Jill Witty

The mother calculated she had one to two days, at most, before her spiderlings would devour her. Crazy little guys, around seventy or eighty, if she were to guess. They’d only hatched a week ago and look at them now, devouring the tiny yellow trophic eggs she’d laid for them. Within minutes they doubled in size. She couldn’t tear her eyes away.

She remembered the day, two years ago, when she had climbed atop her mother, injected her with venom, and sucked out her fluids. How tentatively she had taken those first steps up her mother’s leg, how hesitantly she had pierced her mother’s exoskeleton, and then, what relief once she began to suck. Soon, the roles would be reversed. She would become the martyr, drained of all life by her babies’ insatiable hunger.

The circle of life, she supposed. What did she need to live for, anyway? Her mate had spun a special thread to attract her, and she’d fallen for it; after copulation, he’d disappeared. She’d stayed, hatched a clutch of offspring, played her role.

Glancing toward the crack of moonlit darkness, she felt an urge to dart away. From the hedgerow where she’d been born, to the mossed-over wall where she now watched and waited, her life could be measured in square meters. She’d never ventured beyond this small garden. What lay on the other side of the wall? She’d never wondered, until now.

If she wanted to try a different life, she’d have to act quickly. But how to escape the web, out of sight of the little ones?

The spiderlings gnawed at the eggs, but hundreds of eyes watched her. She could back away slowly and hope their poor eyesight didn’t register the change. She could make a dash for it and pray none of the spiderlings could yet surpass her speed. Or she could be honest and announce her intentions to them. Perhaps they’d understand; perhaps filial loyalty would override their carnal instinct.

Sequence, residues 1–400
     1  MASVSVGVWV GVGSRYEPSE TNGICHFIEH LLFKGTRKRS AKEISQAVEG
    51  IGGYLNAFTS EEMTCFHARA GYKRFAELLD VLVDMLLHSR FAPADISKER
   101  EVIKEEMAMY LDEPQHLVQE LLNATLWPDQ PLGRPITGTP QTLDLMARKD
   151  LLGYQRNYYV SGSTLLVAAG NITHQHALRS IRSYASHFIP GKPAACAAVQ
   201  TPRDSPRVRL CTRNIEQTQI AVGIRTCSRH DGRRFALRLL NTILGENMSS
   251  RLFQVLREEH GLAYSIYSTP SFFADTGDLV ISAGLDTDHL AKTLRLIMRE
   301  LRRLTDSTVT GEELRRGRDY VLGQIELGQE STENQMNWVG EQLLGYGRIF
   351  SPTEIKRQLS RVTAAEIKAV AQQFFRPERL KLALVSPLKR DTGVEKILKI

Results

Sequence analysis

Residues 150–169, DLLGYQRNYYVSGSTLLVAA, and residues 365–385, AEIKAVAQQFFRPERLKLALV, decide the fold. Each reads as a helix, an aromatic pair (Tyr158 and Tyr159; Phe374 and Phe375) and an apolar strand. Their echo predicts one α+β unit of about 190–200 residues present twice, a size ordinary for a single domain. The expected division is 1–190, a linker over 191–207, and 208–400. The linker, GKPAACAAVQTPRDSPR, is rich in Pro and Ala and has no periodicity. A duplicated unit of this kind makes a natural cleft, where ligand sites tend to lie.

But even during this meditation, her babies had changed. Their fat abdomens had stretched, causing their exoskeletons to pulse and throb. The spiderlings were ready to molt; there went one now, emerging like a grown spider, leaving the old body behind. Soon, they’d be hungry to fill their larger bellies, and there would be no food in the web, apart from her.

Why should she, a devoted mother, be forced into this self-sacrifice? Why not that wretched spider who’d mated with her? Well, he was dead already; there was that. But still. Couldn’t someone help her out? But there were no relatives to call on: her brothers and uncles were dead, her sisters were facing down their own cannibalistic spiderlings.

The truth: it was her or them. If she escaped, she could live, but her babies would starve.

The last of her spiderlings molted. Empty exoskeletons littered the web. The first glimmer of the sun’s rays penetrated the gap between stones. The mother felt tired. Her genetic clock was ticking, and she didn’t know how to stop it. Her legs wouldn’t move; whether frozen in indecision, or hardwired for stillness, she couldn’t say.


Jill Witty is a writer from Richmond, Virginia. Her work is published or forthcoming in Catapult, New Flash Fiction Review, Necessary Fiction, The Normal School, Atlas & Alice, and elsewhere. She is working on her second novel. Read more at jillwitty.com or say hi on Twitter @jwitty.